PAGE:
State's Emergency Operations Center will use Autodesk MapGuide to widen access to emergency and domestic security information for both the general public and emergency personnel.

Autodesk Inc. announced that Florida's State Emergency Operations Center (SEOC) has selected Autodesk MapGuide software to help disaster workers and the public respond to hurricanes and other disasters, either natural or man-made. The Tallahassee-based SEOC will use Autodesk MapGuide software as the backbone for various websites that offer flood maps, evacuation routes, and shelter locations, as well as homeland security websites used by law enforcement officials.

The Florida State Emergency Operations Center, managed by the state's Division of Emergency Management, provides information to state recon teams, National Guard personnel, and county agencies, who in turn provide this data to "first responders," or the emergency workers who respond to the scene of man-made or natural disasters. The SEOC is using Autodesk MapGuide software for several parts of its hurricane preparedness and homeland security initiatives. For example, Autodesk MapGuide software will help emergency workers monitor evacuation routes for flooding or debris, speeding up the process of providing information to the public in the event of a disaster.

"Before we had access to an Internet-based mapping system, emergency workers had to use paper maps - sometimes even road maps from gas stations - to reach a disaster site," said Gary Watry, GIS Coordinator for the Florida Division of Emergency Management. "Obviously, this manual method may be inaccurate and slow. The time savings we've gained from utilizing (Autodesk) MapGuide will have a direct impact on our ability to save lives and property."

Autodesk MapGuide software helps organizations develop, manage, and distribute GIS and design applications on the Internet or on intranets, broadening access to essential geographic data. Using Autodesk MapGuide software, the Florida SEOC can share information about Federal Emergency Management Agency (FEMA) flood zones, emergency shelters, and other disaster services with many other local and state organizations, as well as the public. The SEOC staff can also see the relationship of important sites like hospitals, schools and fire departments to one another and to the road network, and can add map layers with contact information for these various sites. The SEOC plans to update and publish event information (hurricane paths, etc.) as they develop and provide it to the public and Emergency Staff via their Web sites. The SEOC's public Web site offers maps at http://www.floridadisaster.org.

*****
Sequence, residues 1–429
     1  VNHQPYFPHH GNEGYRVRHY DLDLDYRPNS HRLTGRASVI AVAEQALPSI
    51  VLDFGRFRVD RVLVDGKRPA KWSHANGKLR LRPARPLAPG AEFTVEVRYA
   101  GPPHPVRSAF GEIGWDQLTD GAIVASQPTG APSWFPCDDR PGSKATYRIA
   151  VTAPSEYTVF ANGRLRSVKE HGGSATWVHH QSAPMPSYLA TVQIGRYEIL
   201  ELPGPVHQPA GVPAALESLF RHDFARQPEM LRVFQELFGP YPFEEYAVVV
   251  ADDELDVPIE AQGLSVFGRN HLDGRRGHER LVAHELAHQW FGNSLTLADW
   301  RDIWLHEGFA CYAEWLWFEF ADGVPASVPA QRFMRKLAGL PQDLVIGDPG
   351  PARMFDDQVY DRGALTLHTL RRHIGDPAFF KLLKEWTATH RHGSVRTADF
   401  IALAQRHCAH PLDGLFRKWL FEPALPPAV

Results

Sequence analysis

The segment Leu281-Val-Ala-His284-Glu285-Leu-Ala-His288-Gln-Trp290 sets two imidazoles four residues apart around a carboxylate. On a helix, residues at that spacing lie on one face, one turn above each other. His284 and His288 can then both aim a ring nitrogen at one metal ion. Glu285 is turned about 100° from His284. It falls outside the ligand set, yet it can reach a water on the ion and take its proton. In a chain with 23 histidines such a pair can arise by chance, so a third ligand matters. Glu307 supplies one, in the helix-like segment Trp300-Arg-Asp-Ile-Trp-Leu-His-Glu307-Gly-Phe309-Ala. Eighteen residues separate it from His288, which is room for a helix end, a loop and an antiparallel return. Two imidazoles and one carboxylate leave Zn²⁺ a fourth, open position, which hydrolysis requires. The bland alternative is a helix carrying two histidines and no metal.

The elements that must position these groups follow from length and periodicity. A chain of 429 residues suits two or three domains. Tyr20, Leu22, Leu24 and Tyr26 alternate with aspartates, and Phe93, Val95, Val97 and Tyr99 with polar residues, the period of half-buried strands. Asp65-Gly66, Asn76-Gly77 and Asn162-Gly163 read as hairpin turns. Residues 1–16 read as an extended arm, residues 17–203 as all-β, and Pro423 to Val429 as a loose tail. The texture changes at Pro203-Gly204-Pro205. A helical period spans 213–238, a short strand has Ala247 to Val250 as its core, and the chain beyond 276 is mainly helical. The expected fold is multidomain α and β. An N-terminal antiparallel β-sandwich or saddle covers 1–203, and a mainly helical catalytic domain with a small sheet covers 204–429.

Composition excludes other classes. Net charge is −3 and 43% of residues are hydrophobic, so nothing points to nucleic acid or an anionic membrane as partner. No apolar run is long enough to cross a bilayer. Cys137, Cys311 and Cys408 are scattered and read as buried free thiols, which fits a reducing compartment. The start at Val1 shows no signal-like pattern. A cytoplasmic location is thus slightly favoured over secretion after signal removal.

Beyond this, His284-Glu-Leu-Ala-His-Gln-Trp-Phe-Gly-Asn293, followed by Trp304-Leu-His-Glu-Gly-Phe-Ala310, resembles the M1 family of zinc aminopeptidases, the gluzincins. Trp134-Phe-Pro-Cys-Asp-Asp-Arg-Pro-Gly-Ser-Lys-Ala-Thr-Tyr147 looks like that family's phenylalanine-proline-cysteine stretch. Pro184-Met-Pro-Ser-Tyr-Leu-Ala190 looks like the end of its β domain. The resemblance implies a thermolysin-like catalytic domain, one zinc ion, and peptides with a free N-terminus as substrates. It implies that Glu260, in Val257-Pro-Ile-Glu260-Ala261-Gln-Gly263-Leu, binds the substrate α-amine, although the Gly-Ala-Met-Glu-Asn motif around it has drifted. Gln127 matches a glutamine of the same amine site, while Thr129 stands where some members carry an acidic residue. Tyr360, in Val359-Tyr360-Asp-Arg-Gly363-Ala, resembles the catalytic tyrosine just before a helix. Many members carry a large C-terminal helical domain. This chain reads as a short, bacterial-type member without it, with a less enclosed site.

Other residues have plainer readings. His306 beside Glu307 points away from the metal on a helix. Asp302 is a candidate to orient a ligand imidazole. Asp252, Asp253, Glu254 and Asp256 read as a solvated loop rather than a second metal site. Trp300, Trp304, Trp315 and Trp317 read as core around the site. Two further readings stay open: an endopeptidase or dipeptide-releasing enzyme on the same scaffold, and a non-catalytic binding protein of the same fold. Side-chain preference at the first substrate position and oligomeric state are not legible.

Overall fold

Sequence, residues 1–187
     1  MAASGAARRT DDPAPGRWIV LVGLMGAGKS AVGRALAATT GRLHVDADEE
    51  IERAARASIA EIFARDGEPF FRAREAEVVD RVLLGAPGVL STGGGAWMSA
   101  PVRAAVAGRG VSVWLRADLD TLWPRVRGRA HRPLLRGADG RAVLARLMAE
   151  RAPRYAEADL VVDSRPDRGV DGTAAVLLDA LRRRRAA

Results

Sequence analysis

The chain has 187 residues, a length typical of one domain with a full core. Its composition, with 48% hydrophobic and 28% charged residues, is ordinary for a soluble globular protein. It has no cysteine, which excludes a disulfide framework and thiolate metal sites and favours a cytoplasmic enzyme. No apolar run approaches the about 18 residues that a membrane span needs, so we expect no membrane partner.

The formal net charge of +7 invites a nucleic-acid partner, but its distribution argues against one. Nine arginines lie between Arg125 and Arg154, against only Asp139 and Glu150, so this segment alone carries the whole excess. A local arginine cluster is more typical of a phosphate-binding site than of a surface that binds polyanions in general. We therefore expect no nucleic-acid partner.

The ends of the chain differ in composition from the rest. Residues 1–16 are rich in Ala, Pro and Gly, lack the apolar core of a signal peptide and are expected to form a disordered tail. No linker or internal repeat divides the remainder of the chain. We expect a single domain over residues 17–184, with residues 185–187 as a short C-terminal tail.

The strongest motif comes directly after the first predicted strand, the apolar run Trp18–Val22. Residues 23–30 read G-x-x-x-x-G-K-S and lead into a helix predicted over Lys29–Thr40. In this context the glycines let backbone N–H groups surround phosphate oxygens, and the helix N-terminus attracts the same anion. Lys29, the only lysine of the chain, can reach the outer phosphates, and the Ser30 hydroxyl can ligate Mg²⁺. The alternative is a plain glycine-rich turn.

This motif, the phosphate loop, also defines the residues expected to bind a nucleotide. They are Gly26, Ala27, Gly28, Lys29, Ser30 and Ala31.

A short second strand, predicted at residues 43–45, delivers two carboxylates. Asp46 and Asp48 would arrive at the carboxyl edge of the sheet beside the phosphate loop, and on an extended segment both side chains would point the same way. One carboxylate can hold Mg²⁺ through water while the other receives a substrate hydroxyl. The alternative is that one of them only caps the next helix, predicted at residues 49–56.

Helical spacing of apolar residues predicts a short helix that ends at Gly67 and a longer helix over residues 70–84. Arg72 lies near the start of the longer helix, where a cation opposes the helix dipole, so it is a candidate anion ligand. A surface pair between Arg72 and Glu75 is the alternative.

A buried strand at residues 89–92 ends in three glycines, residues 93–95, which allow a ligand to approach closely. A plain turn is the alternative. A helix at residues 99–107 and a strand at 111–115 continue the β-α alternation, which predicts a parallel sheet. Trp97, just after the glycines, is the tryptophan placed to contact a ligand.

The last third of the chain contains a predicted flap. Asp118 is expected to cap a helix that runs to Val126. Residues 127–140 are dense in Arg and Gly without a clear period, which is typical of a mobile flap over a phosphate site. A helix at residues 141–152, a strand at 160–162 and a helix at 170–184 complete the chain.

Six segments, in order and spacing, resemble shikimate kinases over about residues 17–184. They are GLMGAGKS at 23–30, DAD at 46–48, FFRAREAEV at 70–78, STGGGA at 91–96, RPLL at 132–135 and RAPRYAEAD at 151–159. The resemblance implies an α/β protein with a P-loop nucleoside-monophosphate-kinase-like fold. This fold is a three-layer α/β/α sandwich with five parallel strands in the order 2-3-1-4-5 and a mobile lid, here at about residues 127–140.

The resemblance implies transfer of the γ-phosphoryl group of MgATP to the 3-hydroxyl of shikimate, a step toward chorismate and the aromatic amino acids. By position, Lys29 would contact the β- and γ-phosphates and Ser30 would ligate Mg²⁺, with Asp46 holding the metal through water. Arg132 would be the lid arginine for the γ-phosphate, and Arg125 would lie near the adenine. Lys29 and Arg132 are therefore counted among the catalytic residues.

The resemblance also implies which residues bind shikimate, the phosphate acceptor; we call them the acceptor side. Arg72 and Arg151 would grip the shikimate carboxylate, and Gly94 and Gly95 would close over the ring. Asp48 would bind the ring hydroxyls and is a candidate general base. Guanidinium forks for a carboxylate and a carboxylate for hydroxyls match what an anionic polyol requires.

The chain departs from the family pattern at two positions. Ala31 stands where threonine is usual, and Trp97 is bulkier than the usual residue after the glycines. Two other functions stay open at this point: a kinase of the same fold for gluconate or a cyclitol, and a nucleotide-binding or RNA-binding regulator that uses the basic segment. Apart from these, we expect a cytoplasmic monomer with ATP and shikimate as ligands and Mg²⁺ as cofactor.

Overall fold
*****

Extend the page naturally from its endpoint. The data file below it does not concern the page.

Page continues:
"With (Autodesk) MapGuide, EOC workers and other emergency support staff can provide location information to first responders before they even arrive at the scene," Mr. Watry said. "We can also collect information from the first individuals on scene, add it to our mapping data, and make it available to additional emergency workers prior to their arrival on-scene."

The SEOC also plans to integrate hurricane forecast information from the National Weather Services into Autodesk MapGuide-created maps, allowing SEOC Staff to conduct predictive modeling and estimate human and property impact of disasters. Traffic counters will also be integrated into the system, allowing emergency workers to estimate how many people may be left in an affected area and need to be evacuated. The long-range goal is to allow citizens in the State of Florida to go to the Web site, type in their zip code, and have displayed for them all the warning, watches, or other information necessary for their safety in the event of a natural or man-made disaster.

Autodesk solutions have been selected by many state and local governments to broaden access to GIS information. Florida's Pinellas County uses Web applications based on Autodesk MapGuide software to view and analyze information about crime trends, and collect information about floor plans to assist in homeland security planning. In the City of West Palm Beach, Autodesk MapGuide software powers a GIS Web site that helps both city workers and the public access and share information about zoning, homeland security, and emergency services. Miami International Airport also uses Autodesk technology for facilities management.

"Emergency responders require solutions that are simple, fast and accurate and Autodesk Solutions for Emergency Management have answered that call," said Chris Bradshaw, vice president for the Autodesk Infrastructure Solutions Division. "Many state, county and local governments have already recognized that the Autodesk solutions help them get quick access to valuable information."

"Government organizations, particularly those that deal with emergency management or homeland security, are discovering that Autodesk MapGuide provides fast setup and easy access for the public and other users who aren't experts in HTML or computer-aided design," said Richard Neiman, president of CADD Centers of Florida, the Autodesk reseller that supplied the SEOC with Autodesk MapGuide software. "In addition, Autodesk MapGuide doesn't require a third-party vendor for installation and maintenance, thereby containing expenses for cost-conscious local governments."